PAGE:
IT was Adam Smith, the great economist, who put it best. “There is a great deal of ruin in a nation”, he once explained, seeking to reassure a panicky young interlocutor. Smith’s point was immensely powerful: it is very hard even for the most misguided, most economically illiterate of politicians to destroy a country’s economy. It takes years, a lot of effort and pretty extreme policies to erode a large stock of human and physical capital built up over a long period of time. A few unusually destructive governments have pulled it off, of course, but it takes some doing, especially when an economy reaches a certain critical threshold in terms of GDP, education, infrastructure and large private sector companies. Capitalism is an extraordinarily resilient system.
I always remember Smith’s wise words when I think about France, a country that I love but which has thoroughly lost its way. It remains wealthy but has been in relative decline for years, suffers from horrific levels of unemployment and awful social problems and is now led by a President intent on trying to test Smith’s maxim to destruction. The modest pro-reform polices he outlined yesterday show that he still doesn’t understand how a market economy works. They were a case of too little, too late, and smacked of a bizarre, corporatist belief that the government can somehow strike a deal with the “private sector”, cutting tax in return for the creation of a pre-set number of jobs. Strange.
But the French establishment is rattled. After I wrote a piece in this space last week bemoaning France’s failed socialist experiment, the French embassy penned a 10-point attack on my column on its website. It is an unusual piece of work: one way it seeks to fight back against my arguments on France is by attacking the UK and highlighting some of its own faults.
That misses the point completely: I spend nearly every day pointing out what is wrong in Britain, why our over-regulated and over-taxed economy is under-performing, why we need better policies. This time, my article was on France, not Britain – and France is facing crippling problems which the French government needs to address, rather than spending its time penning lengthy attacks on the writings of independent journalists.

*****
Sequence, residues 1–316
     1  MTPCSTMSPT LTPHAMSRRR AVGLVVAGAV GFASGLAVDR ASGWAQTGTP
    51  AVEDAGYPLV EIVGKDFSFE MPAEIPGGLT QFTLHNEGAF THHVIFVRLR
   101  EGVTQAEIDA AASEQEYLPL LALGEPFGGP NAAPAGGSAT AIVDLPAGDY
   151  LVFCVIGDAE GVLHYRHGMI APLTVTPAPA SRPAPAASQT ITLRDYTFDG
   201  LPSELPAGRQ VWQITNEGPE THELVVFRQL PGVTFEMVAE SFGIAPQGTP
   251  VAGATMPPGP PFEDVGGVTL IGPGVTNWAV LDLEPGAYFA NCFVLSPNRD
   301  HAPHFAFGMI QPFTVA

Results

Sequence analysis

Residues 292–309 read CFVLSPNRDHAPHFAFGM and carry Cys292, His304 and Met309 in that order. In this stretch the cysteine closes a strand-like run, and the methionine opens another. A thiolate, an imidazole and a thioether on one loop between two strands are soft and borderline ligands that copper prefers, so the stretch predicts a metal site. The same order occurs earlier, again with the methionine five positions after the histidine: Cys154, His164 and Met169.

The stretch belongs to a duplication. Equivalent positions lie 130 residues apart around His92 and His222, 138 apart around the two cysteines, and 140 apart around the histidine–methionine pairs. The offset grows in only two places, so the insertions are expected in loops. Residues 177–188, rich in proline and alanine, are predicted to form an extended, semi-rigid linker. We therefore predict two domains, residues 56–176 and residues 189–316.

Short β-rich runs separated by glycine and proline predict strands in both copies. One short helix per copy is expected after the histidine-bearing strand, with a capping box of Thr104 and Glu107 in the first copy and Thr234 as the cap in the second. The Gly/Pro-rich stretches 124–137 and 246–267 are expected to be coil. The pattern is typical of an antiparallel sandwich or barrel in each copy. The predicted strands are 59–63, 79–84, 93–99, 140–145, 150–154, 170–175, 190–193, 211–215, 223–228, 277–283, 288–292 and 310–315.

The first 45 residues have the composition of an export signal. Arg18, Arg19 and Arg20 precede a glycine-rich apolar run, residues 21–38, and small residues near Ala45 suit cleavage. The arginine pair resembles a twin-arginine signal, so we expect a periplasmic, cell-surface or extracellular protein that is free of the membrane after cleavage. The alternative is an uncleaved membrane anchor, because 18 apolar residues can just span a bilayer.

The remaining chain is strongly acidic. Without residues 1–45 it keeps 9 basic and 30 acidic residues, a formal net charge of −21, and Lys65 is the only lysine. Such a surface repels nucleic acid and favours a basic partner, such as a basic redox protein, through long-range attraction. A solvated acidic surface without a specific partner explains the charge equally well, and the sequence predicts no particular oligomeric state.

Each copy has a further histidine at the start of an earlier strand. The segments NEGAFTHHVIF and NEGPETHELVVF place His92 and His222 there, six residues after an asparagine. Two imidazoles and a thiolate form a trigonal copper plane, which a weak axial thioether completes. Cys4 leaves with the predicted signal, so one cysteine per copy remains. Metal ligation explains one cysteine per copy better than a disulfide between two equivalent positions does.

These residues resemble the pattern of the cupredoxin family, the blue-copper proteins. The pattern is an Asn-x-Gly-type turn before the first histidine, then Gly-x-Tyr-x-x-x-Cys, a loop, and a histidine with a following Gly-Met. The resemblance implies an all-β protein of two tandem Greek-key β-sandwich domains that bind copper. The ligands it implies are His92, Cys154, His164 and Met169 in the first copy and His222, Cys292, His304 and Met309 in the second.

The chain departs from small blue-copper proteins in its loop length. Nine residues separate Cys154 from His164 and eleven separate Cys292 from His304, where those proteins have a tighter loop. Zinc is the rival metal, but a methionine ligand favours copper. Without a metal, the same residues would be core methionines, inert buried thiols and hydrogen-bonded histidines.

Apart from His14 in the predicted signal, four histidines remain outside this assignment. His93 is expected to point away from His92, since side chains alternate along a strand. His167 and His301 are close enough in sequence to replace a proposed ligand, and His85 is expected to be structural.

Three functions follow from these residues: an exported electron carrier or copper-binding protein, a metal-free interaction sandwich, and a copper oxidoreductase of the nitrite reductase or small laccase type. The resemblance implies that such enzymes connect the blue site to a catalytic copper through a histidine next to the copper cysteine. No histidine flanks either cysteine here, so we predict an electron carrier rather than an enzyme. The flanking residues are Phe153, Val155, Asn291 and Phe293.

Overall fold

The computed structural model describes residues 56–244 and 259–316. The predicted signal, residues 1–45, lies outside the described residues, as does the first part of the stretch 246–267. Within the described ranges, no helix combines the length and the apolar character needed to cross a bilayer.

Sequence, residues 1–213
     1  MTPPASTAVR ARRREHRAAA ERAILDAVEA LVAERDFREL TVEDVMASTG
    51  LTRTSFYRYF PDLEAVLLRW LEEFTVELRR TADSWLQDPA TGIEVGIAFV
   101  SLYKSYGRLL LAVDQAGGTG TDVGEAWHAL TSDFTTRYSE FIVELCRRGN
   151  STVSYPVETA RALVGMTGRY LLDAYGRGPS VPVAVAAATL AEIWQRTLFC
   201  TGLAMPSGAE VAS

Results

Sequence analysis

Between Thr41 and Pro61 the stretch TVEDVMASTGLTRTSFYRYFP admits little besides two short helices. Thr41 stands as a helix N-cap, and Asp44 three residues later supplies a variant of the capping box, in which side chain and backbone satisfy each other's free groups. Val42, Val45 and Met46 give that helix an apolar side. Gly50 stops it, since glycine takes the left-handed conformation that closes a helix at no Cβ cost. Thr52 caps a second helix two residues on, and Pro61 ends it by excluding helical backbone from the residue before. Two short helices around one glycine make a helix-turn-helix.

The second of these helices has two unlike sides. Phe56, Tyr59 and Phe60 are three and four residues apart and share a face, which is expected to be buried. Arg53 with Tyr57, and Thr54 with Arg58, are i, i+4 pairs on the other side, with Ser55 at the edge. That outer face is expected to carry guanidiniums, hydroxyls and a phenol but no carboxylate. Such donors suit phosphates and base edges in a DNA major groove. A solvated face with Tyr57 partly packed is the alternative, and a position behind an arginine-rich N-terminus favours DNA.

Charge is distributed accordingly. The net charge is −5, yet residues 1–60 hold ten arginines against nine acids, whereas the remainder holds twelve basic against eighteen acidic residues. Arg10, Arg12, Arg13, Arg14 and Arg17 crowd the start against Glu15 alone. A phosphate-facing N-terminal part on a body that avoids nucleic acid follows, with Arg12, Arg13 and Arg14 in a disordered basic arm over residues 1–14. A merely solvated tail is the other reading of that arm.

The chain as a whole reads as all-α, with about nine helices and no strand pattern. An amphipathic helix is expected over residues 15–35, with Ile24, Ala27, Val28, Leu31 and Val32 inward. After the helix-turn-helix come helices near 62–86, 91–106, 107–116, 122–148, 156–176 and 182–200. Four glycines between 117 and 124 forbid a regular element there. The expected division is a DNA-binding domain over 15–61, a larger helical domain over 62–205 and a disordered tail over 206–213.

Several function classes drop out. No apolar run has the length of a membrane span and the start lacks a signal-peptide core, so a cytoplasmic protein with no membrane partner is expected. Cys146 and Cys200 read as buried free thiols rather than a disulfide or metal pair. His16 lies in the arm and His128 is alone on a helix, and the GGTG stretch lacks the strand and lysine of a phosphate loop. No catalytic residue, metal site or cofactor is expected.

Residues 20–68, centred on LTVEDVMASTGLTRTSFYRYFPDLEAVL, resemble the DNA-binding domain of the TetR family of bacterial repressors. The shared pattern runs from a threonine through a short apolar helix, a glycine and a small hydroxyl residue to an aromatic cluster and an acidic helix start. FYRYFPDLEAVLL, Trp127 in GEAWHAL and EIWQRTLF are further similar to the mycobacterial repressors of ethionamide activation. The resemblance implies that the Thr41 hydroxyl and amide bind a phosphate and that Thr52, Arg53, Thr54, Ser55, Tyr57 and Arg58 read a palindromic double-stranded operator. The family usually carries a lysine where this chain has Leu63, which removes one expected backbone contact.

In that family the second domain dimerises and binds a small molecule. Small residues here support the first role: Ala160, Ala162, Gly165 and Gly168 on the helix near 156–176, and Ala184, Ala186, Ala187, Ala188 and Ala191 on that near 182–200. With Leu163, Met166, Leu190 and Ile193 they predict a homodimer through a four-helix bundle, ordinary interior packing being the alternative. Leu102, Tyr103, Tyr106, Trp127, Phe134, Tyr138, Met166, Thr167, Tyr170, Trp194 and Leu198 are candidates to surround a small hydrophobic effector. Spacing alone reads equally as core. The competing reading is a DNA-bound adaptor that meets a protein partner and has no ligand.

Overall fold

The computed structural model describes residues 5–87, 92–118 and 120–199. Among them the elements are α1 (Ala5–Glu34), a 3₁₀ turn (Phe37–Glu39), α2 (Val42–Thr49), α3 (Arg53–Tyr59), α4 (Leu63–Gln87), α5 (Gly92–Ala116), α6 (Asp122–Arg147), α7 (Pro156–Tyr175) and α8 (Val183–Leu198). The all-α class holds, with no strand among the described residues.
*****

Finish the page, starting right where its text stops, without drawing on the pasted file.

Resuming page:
But the embassy’s attack on the UK – including the “ailing” NHS, our road system, and the previous Tory government – triggered a diplomatic row yesterday. The UK government responded angrily, as did many MPs; and the story went around the world and was reported extensively by top media outlets.
So here are some of the facts that the French embassy didn’t mention (see more here). The World Economic Forum’s (WEF) Global Competitiveness Report 2013-2014 ranks France as the 130th worst country (out of just 148) for its regulatory burden. France places just 71st for overall labour market efficiency, 116th for labour market flexibility and 83rd for efficiency of government spending. The IMD’s 2013 World Competitiveness Rankings feature France as one of the biggest fallers since 1997.
The embassy is right that France still boasts Fortune 500 firms – but none of the top 30 have their beginnings in the last 50 years; upstarts simply can’t rise to the top in France, unlike in the US. Productivity is high – but that is a mathematical illusion caused by the fact that low-productivity workers can’t find a job and thus aren’t included in the stats. The French state spends an absurdly high 57 per cent of GDP; its tax and other revenues amount to 52.8 per cent. Unemployment was 10.8 per cent in November (3.193m people).
I want France to succeed, to grow and to prosper, and for its people to find good jobs. I was born and schooled in France and spent the first 17 years of my life there. It is a wonderful country, but one that has been on the wrong path for years. It is in desperate need of a dramatic intellectual U-turn.